This post is Filed Under:
Home page Highlights,
Interviews and Columns
by Roger Ash
Last week, I read a new post on David Lowery’s blog 300 songs in which he wrote about the unpredictability of creating a hit song. If you’re not familiar with Lowery, he’s the lead singer for Camper Van Beethoven and cracker and on this blog he looks at the songs done by those bands. In this post, he looked at Camper’s unlikely first hit single, Take the Skinheads Bowling. Along the way, he comments on how much in creating a hit single is due to luck; hitting at exactly the best time, getting airplay on just the best stations, etc. As he points out, having the backing of a major label helps, but it’s no guarantee of success. reading this got me thinking about how this is true for other forms of home entertainment as well, including comic books. So today I’m going to look at three surprise hits in the world of comics; DC/Vertigo’s Sandman, Frank Miller’s work on Marvel’s Daredevil, and Jeff Smith’s Bone.
Sandman debuted from DC in 1989 (it became a Vertigo title with issue #47 in 1993 with the creation of the mature-themed imprint). It would go on to become one of the most successful and influential comics of the 90s and make creator/writer Neil Gaiman one of the top names in fantasy literature. Yet no one could have predicted that level of success when it launched.
When it was announced, some people expected the series to star the old Jack Kirby Sandman character, but no. This was a brand new character. He was the enigmatic being Morpheus, also known as Dream. the best known person working on the book was artist Sam Kieth, though he was not by any implies a hot artist. Gaiman and cover artist Dave McKean were best known to American audiences for their three-issue Black Orchid mini-series from DC. While it was good, it didn’t position them as the next big thing. So, new writer, new cover artist, new character, and an artist who had a cult following but not a huge name. The ideal mixture for a hit comic, right?
And yet that’s what they got. The first seven issues did OK, but with issue 8, drawn by Mike Dringenberg, which introduced Dream’s sister Death, things gelled. That was the first issue where a number of people, readers and critics alike, realized something special was happening here. Sandman would go on to huge critical and popular success, deservedly so, but it was hardly a book anybody could have predicted would have been as big as it was.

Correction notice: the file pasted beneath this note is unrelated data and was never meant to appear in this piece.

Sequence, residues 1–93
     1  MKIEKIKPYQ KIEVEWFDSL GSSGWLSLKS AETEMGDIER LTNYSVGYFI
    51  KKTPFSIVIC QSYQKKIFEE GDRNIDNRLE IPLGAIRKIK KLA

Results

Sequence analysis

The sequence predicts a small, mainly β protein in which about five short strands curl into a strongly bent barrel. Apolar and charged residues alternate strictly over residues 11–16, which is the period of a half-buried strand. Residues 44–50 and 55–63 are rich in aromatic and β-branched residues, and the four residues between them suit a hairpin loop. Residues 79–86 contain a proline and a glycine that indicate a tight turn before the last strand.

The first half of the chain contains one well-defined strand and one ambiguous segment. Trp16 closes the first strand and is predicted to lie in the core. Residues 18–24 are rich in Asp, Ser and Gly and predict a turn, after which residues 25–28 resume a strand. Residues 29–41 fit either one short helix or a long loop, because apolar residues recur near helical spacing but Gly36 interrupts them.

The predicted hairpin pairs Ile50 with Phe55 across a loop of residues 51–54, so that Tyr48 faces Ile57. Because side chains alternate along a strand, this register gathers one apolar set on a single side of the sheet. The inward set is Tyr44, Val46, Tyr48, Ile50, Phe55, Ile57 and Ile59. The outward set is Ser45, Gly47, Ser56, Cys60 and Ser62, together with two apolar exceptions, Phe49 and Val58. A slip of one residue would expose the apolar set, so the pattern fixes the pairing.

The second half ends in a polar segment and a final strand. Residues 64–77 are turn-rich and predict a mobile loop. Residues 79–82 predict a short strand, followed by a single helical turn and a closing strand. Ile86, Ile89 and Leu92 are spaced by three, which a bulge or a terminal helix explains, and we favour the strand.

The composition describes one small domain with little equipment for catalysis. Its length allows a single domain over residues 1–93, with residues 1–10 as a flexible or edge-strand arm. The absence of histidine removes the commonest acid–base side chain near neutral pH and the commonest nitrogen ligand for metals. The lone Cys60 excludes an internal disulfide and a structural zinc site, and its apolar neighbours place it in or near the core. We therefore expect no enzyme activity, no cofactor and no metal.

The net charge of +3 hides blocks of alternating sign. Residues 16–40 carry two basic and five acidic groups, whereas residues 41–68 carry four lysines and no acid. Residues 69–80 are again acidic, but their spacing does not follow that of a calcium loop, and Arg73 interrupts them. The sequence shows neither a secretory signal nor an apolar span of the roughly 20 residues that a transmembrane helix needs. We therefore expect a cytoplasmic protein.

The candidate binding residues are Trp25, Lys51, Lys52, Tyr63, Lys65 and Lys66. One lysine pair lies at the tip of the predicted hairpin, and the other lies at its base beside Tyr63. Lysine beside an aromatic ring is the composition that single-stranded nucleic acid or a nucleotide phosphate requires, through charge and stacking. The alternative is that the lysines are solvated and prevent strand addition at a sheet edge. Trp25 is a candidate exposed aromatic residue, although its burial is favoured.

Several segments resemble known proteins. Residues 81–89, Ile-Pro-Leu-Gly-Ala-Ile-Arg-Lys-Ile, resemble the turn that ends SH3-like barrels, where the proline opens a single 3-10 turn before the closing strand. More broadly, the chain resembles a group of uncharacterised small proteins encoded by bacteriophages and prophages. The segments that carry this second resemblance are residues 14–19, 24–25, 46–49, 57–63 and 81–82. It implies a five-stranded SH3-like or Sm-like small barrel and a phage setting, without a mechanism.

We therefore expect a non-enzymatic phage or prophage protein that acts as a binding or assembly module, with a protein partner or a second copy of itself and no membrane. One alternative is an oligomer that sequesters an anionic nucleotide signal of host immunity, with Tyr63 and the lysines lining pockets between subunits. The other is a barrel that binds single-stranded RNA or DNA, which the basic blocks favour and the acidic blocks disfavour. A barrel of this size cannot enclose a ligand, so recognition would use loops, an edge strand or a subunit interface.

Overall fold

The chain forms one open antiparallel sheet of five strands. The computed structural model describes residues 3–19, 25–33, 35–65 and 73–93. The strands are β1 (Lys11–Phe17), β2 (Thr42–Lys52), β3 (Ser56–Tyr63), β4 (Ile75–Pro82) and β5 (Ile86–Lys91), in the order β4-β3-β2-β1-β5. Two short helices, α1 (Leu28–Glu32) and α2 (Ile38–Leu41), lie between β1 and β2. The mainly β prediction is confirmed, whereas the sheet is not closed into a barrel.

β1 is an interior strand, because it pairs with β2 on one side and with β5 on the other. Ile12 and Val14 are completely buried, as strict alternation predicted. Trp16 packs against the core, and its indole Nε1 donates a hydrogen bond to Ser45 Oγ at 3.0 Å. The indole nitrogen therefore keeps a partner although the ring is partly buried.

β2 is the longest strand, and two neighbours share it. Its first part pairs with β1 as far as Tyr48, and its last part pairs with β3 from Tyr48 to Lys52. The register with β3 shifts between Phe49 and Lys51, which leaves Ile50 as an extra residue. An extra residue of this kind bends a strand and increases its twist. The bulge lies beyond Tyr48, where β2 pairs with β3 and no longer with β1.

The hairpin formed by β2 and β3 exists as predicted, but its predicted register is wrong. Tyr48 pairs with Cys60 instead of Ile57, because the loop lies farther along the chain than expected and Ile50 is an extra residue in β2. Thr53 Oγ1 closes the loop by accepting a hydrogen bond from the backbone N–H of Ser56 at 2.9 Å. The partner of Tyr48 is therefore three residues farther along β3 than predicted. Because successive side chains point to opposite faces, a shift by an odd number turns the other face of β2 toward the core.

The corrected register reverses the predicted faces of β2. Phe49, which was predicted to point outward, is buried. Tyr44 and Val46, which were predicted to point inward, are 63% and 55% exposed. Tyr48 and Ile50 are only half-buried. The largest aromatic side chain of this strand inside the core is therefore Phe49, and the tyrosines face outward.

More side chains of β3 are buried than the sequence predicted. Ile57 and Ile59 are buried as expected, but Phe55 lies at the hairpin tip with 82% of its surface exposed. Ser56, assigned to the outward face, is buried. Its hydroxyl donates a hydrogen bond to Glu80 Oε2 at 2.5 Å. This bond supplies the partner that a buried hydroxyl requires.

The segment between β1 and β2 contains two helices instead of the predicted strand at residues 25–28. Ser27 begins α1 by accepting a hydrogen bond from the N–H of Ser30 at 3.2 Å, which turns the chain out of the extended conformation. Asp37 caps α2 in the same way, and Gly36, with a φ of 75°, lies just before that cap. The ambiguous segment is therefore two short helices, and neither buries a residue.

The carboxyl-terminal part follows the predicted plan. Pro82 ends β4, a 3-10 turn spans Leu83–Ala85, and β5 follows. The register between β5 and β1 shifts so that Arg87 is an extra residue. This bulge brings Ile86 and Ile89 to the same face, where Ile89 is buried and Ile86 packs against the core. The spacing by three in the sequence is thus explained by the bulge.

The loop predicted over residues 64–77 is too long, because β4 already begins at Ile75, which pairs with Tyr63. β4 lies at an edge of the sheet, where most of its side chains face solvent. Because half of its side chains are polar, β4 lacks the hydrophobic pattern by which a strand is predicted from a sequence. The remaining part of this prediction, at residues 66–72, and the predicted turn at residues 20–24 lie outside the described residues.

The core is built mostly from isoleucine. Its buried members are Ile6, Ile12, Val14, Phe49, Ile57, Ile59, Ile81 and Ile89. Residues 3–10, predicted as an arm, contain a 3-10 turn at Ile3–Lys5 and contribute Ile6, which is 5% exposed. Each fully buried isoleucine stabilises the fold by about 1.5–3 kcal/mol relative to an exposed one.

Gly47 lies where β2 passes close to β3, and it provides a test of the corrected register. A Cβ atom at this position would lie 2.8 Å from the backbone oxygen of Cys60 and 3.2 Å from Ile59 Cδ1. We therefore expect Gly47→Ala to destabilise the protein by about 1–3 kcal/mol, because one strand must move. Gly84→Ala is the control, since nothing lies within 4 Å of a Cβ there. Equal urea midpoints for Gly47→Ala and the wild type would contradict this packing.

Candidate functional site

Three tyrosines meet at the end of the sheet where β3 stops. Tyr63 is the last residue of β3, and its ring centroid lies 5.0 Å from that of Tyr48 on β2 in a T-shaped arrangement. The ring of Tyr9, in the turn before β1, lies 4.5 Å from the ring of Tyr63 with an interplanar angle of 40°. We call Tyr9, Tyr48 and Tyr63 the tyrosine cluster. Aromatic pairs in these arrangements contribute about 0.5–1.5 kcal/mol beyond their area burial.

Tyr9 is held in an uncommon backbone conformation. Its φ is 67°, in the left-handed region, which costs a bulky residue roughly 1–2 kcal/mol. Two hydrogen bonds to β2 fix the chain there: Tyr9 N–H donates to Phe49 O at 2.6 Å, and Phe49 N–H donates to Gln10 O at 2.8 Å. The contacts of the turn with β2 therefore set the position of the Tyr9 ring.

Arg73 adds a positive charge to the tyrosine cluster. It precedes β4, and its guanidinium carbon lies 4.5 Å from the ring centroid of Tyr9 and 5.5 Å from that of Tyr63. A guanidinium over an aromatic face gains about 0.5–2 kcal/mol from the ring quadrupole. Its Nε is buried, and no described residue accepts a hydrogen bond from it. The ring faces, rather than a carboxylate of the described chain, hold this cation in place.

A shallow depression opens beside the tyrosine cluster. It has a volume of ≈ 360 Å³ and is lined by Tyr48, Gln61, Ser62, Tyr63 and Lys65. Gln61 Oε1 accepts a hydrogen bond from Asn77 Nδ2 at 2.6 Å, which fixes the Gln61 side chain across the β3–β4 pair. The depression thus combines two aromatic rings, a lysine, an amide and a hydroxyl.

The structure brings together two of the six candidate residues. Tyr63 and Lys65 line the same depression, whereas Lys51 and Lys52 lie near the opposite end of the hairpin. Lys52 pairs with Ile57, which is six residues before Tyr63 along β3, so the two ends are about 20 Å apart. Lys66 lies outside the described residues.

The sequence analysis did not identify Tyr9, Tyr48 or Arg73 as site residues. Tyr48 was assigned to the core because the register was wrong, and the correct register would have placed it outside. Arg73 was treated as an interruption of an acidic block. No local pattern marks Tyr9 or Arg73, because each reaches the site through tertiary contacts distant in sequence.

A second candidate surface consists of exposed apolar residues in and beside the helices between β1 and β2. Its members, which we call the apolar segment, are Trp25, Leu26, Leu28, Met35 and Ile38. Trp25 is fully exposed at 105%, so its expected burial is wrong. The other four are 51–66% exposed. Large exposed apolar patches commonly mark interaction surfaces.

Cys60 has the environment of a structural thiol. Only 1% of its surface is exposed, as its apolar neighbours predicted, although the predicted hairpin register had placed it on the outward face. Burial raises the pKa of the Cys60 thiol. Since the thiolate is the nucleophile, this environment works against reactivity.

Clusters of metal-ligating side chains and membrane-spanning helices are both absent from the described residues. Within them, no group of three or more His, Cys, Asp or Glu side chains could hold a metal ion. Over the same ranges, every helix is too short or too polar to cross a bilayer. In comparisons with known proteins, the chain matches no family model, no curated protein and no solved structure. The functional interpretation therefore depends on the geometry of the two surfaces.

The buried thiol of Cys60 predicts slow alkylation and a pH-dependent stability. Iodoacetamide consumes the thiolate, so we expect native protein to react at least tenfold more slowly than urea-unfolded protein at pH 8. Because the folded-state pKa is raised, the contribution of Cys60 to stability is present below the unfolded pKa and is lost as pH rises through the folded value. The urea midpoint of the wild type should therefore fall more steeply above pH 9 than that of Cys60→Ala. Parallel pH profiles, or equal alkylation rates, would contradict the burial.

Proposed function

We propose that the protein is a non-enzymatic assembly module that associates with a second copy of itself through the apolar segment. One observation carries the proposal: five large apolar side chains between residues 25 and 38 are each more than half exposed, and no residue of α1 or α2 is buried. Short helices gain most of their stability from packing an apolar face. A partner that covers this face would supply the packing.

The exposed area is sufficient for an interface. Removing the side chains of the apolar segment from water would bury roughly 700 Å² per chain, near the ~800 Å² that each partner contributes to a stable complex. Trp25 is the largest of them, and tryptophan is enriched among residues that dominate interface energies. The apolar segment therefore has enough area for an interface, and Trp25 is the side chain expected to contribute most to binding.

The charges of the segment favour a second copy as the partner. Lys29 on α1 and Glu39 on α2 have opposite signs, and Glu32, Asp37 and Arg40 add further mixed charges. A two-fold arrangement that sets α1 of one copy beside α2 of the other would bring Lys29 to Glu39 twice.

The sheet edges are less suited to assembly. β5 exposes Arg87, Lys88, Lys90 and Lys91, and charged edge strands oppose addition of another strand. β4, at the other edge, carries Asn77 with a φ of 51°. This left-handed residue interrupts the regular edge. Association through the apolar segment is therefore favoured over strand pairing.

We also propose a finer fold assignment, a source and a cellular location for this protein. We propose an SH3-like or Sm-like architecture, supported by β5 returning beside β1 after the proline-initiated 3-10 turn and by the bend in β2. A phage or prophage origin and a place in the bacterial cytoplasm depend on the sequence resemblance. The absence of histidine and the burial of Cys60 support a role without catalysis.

In the late 1970s, Marvel’s Daredevil wasn’t selling great so not numerous people discovered when this new artist named Frank Miller joined writer Roger McKenzie on Daredevil #158 in 1979. but as the months went on, much more and much more people started to pay attention to what was happening. Miller and inker Klaus Janson were a dynamic art team. There was debate as an issue handling Angel dust was rejected by the Comics Code (this story would eventually see light at a much later date). As Miller moved to co-plotter and eventually writing the book himself, it became clear that this was one of those moments where the best developer was paired with the best character at the best time. It was magic time. In the first issue he wrote (#168), Miller introduced another character closely associated with him – Elektra. Daredevil’s mentor Stick and the villainous Hand first appeared during Miller’s run on the book, and he added new layers to the Kingpin, Ben Urich, and Bullseye. numerous see as defining issues of Daredevil, yet who would have expected this from a little-known creator?
A self-published, black and white comic starring three non-human characters doesn’t sound like the recipe for a hit comic, yet that’s what eventually happened with Jeff Smith’s Bone. When Smith self-published Bone through cartoon Books, the first issue had a very low print run (I have 2,000 copies stuck in my head, but I can’t back that up. anybody out there know for sure?). early on, you could purchase a limited edition print from Smith that was advertised in the back of the comics. I have one hanging on my office wall which I purchased as I wanted to do what I could to support the book, aside from telling all my friends how good it was. In a conversation I had with Smith around that time, he commented that sales of those prints helped keep Bone going in the early days. Smith was a tireless promoter of the book, and word started getting out about it. According to Smith’s site Boneville.com, Bone benefited greatly from positive buzz on the Internet. Don Thompson wrote a glowing review of Bone in Comics Buyer’s guide that numerous people site as giving Bone a major push. and sales grew and grew.
Today, Bone is sold in collected versions by Scholastic and is loved by kids and adults alike. There are probably hundreds of thousands (if not more) of copies of Bone in print. That’s really incredible considering where the book started.
There are other unexpected comic book successes and I may share a few others some day. Do you have a favorite surprise success? If so, share it with us in the comment section. taking a look at books like this makes me realize how unpredictable hits can be. If there was a magic formula, everyone would be following it. but luck plays a huge element in it, and that’s something no one can predict.
Now, go read a comic!
Classic comic covers are from the Grand Comics Database.
Leave a Reply